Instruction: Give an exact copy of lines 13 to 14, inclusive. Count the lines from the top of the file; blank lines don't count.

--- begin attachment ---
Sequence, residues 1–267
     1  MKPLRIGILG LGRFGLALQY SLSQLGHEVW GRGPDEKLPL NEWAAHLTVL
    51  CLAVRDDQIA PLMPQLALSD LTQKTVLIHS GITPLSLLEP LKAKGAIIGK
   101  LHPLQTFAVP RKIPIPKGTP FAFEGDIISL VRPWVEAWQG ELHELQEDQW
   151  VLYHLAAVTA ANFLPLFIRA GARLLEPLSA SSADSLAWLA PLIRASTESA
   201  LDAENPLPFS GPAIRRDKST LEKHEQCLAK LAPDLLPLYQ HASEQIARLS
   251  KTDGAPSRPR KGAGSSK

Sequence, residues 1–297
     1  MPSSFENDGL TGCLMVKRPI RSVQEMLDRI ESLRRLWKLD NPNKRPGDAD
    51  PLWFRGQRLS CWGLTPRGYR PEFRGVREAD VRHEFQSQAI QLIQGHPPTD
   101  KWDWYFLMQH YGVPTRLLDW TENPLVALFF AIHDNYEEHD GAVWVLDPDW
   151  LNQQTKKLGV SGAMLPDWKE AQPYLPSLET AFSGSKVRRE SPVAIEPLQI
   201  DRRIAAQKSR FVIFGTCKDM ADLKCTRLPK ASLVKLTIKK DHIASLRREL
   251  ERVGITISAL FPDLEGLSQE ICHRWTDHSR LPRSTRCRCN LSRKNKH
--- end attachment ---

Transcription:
   201  DRRIAAQKSR FVIFGTCKDM ADLKCTRLPK ASLVKLTIKK DHIASLRREL
   251  ERVGITISAL FPDLEGLSQE ICHRWTDHSR LPRSTRCRCN LSRKNKH